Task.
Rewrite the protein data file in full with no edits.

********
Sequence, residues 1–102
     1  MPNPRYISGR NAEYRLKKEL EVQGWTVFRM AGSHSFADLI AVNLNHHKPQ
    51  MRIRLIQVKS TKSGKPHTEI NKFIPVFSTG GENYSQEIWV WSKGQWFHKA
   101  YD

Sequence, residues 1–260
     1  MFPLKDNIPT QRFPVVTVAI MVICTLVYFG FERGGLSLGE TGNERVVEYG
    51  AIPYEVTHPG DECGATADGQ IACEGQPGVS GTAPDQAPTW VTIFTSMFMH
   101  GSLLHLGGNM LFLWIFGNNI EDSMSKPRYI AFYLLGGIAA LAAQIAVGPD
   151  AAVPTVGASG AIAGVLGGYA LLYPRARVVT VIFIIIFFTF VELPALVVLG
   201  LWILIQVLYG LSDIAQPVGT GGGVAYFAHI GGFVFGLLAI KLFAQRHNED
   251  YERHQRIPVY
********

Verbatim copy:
Sequence, residues 1–102
     1  MPNPRYISGR NAEYRLKKEL EVQGWTVFRM AGSHSFADLI AVNLNHHKPQ
    51  MRIRLIQVKS TKSGKPHTEI NKFIPVFSTG GENYSQEIWV WSKGQWFHKA
   101  YD

Sequence, residues 1–260
     1  MFPLKDNIPT QRFPVVTVAI MVICTLVYFG FERGGLSLGE TGNERVVEYG
    51  AIPYEVTHPG DECGATADGQ IACEGQPGVS GTAPDQAPTW VTIFTSMFMH
   101  GSLLHLGGNM LFLWIFGNNI EDSMSKPRYI AFYLLGGIAA LAAQIAVGPD
   151  AAVPTVGASG AIAGVLGGYA LLYPRARVVT VIFIIIFFTF VELPALVVLG
   201  LWILIQVLYG LSDIAQPVGT GGGVAYFAHI GGFVFGLLAI KLFAQRHNED
   251  YERHQRIPVY